Six Flags Magic Mountain in the Santa Clarita Valley community of Valencia turned 50 years old in May 2021.
And while it's now known as the "Thrill Capital of the World" — and, in the early 1980s, was the largest amusement park in Southern California (yes, even bigger than Disneyland) — it had more humble beginnings, with only 70 acres in its original $20 million complex.
Building the amusement park on the 44,000-acre Rancho San Francisco — renamed Newhall Ranch after its purchase by Henry Mayo Newhall in 1875 — was a feat that the original director of engineering likened to "building an entire city."
It was a joint project of Sea World, Inc. and The Newhall Land and Farming Company — one that included $1 million worth of thousands of trees, shrubs, bushes and flowers (thanks to landscape architect George Devault, who brought in many of the trees from a nearby riverbed above Castaic Dam) and, as an early brochure touted "blue, smog-free skies."
On Memorial Day Weekend 1971, families could experience the "magic of the mountain" for the first time — for only $5 for adults and $3.50 for children.
According to a Los Angeles Times supplement (digitized by the Santa Clarita Valley Historical Society), it began with 500 employees and 33 attractions — and over 90 buildings, no two of which were alike.
And it put Valencia on the map.
Newhall Land and Farming company sold the park in 1979 to a company that actually knew how to operate amusement parks — Six Flags, then a Pennsylvania Railroad subsidiary.
In the decades that followed, Six Flags changed hands multiple times and even declared bankruptcy. But through it all, Magic Mountain has survived — and boy, has it grown.
To 260 acres, in fact.
A canopy of mature sycamores, live oaks and California Toyon now enshroud the rides (and provide some desperately needed shade during hot summer months). And rollercoasters themed to DC Comics characters dominate the new ride openings and headlines.
You might even think that Colossus (er, rather, Twisted Colossus) is the only historical ride left at Six Flags Magic Mountain.
But keep your eyes peeled, and you just might spot some original — or, at least, very old — signs of that ol' "mountain magic." (Hint: Start with the tower sign that's visible from the 5 Freeway, next to a Wendy's parking lot).
In fact, you don't have to invert yourself — or brave a free fall or a staggeringly speedy loop-de-loop — in order to enjoy Six Flags Magic Mountain today. Because believe it or not, there are still original rides from Magic Mountain's opening 50 years ago. And the park has lots of other vintage surprises in store, too.
One thing is for sure: Six Flags Magic Mountain will continue to make itself over. And some of these remnants may not stick around for the long haul.
So here are nine areas of "old school" Magic Mountain that you can visit today for a true throwback Southern California theme park adventure — all year round.
Given the quickly evolving situation surrounding COVID-19, please check with the park regarding face covering requirements, proof of vaccination, and other current policies, safety protocols, and closures.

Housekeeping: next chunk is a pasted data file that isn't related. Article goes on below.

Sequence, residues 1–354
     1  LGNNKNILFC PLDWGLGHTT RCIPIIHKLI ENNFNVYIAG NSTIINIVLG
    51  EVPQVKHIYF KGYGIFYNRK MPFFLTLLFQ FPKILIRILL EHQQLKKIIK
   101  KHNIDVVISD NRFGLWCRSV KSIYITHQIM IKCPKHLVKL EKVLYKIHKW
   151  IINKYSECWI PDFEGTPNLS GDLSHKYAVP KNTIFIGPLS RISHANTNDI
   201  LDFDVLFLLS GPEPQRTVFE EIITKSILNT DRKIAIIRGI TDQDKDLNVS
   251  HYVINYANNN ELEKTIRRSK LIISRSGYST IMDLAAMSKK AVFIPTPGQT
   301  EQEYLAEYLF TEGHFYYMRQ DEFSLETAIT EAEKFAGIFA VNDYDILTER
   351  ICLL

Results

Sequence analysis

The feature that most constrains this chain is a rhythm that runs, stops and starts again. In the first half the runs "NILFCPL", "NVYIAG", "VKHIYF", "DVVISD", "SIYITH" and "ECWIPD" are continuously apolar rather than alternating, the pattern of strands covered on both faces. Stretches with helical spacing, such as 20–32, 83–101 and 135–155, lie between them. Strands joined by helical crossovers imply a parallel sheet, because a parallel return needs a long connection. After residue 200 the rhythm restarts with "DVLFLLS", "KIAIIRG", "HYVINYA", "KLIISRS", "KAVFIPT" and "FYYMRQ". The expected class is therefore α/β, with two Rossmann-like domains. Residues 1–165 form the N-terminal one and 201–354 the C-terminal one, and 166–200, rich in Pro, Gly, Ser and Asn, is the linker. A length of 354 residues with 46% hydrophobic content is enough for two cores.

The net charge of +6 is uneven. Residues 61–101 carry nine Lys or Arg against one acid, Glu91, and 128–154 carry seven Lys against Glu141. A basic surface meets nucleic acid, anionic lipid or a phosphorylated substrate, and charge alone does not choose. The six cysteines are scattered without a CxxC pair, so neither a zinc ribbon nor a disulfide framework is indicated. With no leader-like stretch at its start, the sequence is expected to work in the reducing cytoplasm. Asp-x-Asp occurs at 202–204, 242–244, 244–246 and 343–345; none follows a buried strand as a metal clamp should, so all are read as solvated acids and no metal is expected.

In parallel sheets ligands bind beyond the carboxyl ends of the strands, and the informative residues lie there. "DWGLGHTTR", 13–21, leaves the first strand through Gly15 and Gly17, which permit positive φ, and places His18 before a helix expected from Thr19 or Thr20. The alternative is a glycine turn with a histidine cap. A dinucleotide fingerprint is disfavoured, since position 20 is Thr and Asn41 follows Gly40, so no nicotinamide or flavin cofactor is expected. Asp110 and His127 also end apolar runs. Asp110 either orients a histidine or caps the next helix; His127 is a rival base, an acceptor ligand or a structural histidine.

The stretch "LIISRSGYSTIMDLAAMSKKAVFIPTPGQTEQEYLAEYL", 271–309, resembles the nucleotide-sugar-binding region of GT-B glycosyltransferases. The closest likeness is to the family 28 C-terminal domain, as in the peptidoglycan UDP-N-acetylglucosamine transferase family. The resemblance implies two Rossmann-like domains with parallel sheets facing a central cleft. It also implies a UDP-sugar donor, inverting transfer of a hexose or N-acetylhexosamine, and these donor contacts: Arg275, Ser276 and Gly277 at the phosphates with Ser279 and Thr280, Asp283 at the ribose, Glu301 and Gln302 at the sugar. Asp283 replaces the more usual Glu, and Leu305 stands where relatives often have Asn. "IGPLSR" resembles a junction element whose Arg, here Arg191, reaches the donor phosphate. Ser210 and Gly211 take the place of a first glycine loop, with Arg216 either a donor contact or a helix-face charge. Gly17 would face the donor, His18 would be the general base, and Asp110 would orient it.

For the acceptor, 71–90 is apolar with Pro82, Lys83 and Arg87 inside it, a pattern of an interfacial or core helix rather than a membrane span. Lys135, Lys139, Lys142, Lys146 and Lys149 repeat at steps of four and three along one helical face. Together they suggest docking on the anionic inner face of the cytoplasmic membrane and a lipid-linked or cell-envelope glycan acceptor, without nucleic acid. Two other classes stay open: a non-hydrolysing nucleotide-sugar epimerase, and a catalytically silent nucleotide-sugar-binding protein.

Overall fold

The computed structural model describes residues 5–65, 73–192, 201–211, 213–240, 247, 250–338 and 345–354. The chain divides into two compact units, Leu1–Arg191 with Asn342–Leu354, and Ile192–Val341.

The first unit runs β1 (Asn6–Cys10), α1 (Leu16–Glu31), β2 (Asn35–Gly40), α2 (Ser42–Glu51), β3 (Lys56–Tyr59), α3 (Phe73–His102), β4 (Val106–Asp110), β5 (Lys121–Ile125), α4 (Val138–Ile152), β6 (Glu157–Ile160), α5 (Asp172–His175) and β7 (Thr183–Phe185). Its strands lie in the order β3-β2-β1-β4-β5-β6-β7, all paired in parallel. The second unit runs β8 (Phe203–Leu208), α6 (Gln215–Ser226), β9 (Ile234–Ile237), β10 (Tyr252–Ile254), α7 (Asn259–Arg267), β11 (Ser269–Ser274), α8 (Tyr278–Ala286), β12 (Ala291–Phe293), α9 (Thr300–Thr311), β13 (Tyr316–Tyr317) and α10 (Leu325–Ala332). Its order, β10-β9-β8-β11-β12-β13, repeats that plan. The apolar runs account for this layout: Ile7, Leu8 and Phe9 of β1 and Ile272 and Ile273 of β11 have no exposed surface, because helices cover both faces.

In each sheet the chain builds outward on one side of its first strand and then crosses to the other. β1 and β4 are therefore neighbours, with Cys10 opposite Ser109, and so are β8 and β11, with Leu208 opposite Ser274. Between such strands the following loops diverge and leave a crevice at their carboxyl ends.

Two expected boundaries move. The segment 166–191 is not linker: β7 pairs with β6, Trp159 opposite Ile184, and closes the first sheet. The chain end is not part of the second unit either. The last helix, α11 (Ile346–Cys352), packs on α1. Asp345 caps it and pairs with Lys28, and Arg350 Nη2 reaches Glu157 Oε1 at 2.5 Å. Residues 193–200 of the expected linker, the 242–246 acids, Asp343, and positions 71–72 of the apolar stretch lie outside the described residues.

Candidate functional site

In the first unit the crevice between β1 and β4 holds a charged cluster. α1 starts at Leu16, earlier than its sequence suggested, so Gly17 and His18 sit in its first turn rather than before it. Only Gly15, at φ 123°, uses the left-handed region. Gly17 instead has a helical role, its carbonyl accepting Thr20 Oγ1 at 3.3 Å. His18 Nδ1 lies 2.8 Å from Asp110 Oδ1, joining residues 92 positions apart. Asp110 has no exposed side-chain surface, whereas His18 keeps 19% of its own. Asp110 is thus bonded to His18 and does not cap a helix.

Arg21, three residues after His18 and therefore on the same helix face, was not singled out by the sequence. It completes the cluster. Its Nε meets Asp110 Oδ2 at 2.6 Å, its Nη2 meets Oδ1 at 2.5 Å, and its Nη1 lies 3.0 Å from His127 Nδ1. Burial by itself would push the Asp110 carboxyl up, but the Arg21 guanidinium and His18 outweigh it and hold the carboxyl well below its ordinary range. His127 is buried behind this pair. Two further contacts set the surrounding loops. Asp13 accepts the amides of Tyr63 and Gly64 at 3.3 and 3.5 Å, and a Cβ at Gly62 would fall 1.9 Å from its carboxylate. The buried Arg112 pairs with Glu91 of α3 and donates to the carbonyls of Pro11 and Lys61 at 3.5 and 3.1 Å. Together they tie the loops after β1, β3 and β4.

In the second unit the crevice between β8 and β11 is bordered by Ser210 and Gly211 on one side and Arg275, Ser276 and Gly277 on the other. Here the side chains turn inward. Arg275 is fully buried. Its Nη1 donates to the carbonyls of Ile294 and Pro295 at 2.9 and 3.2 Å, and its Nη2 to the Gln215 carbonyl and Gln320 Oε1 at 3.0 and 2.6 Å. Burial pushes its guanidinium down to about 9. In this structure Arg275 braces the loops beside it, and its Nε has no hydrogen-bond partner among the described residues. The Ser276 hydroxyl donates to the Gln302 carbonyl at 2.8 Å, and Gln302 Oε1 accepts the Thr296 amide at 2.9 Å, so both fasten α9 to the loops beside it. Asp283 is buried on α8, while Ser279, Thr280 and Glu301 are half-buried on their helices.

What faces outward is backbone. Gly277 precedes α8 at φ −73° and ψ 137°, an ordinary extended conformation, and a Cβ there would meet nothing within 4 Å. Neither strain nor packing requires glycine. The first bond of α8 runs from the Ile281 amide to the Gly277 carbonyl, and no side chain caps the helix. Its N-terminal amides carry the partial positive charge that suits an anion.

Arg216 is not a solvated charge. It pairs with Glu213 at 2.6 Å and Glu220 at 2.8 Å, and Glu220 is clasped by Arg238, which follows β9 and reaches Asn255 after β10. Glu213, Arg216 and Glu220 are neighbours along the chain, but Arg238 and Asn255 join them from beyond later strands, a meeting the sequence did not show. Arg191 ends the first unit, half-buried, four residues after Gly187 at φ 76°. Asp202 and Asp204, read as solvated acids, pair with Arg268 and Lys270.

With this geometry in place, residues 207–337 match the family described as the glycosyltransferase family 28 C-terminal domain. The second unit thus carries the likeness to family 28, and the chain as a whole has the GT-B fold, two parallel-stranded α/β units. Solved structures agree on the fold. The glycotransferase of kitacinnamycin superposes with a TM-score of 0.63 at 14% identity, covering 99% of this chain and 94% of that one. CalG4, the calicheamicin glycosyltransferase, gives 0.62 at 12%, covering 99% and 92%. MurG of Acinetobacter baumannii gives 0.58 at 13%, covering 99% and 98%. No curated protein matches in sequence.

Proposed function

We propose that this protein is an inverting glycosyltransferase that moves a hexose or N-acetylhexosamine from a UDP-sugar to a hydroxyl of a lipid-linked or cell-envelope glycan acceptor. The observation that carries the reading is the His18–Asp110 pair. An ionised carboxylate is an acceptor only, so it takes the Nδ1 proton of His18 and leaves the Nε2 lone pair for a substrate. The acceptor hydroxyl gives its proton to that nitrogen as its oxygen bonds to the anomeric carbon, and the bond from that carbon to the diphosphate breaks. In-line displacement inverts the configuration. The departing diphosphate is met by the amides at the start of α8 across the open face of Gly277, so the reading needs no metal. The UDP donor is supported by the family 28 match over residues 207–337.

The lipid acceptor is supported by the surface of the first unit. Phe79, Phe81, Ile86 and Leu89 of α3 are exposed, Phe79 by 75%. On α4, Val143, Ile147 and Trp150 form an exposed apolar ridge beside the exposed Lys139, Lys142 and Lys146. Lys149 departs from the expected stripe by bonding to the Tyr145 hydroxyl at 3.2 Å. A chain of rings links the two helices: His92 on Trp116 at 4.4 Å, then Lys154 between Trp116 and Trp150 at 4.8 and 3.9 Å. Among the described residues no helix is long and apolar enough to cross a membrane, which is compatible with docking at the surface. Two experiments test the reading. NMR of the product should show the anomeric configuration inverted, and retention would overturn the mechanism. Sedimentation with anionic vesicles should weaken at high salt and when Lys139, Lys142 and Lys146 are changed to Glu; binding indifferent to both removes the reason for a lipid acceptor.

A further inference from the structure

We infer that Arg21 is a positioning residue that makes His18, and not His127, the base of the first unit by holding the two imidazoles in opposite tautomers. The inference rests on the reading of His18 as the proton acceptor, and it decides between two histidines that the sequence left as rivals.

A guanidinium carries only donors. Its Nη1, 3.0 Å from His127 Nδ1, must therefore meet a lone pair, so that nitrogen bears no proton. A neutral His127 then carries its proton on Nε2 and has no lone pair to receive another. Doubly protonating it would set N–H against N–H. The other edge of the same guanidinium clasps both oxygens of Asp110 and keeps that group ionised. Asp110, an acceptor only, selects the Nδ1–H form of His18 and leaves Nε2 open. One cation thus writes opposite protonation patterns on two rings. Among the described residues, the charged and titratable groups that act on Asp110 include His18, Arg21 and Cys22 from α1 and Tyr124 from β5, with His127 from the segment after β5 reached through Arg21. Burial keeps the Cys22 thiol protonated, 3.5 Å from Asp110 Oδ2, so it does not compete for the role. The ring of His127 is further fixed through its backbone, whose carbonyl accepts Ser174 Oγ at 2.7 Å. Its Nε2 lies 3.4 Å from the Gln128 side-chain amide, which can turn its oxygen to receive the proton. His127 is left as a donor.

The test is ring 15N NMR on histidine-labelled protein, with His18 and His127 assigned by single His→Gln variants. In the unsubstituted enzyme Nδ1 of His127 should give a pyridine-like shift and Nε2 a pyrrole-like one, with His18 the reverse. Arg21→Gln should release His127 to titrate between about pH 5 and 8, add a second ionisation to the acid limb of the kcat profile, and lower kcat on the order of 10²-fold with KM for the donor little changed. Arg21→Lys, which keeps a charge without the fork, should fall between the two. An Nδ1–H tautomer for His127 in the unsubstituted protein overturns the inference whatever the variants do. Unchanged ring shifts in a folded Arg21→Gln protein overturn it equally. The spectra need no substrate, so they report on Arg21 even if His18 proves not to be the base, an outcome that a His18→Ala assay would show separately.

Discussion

1. Jet Stream
Although not original to Magic Mountain's 1971 opening, the Jet Stream flume ride opened the following year, in 1972 — and it's only one of two "water rides" left in the park (and the only flume). When it was built, it was the first of only seven "Hydro Flumes" built by ride manufacturer Arrow Development, so named because of the "hydro jump" experienced during splashdown after a six-story nosedive in a fiberglass race boat.
Known from 2001 to 2006 as the Arrowhead Splashdown, the Six Flags website describes the Jet Stream as "a modern water coaster that glides on a river instead of a track." The thrill level is now considered "Moderate" (children must be at least 42 inches tall to ride alone) — but when it opened, it was one of the park's "white-knuckler" rides. It feels a bit bumpy these days, but you can hop on at the turntable loading station without worrying too much about getting scared (or soaked).
Today, you can find it in "The Underground" section — previously known as "Cyclone Bay," which opened in 1991 where the olde tyme craft fair Spillikin Corners stood since 1978. The Underground has been anchored by West Coast Customs since 2019 — but for now, there's still a relic from The Dragon car ride (1974-1981). Its lower station platform is still located next to the boarding for Jet Stream, although it's currently unused (and inaccessible to the public).
2. Gold Rusher
Then considered a "white-knuckler" (and one of two rollercoasters at the park opening), these days the Gold Rusher is one of the tamer rides at Six Flags Magic Mountain — themed for the 1849 California Gold Rush and whose "runaway" mine car is somewhat reminiscent of the "Old West" style rides you might find at Knott's Berry Farm.
According to the Santa Clarita Valley Historical Society, it was built by the now-defunct Mountainview-based Arrow Development Company (known as Arrow Dynamics after 1986), which Walt Disney had discovered in 1953 and actually invested in — contracting them to create six of the opening day rides at Disneyland (like Mr. Toad's Wild Ride and Snow White's Scary Adventures) and, later, the Matterhorn Bobsleds.
Arrow custom built the Gold Rusher for the terrain of Magic Mountain (a.k.a. the "treacherous hills of the frontier") — and with all its twists and turns, it still manages to reach a maximum speed of 35 mph (though it no longer travels over the open water of the Lagoon). The minimum height for this moderate intensity ride is 48 inches tall. You can find it in the Metropolis section of the park (formerly known as The Movie District and Monterey Landings) next to the Studio 6F souvenir shop, just beyond the Boardwalk themed "land."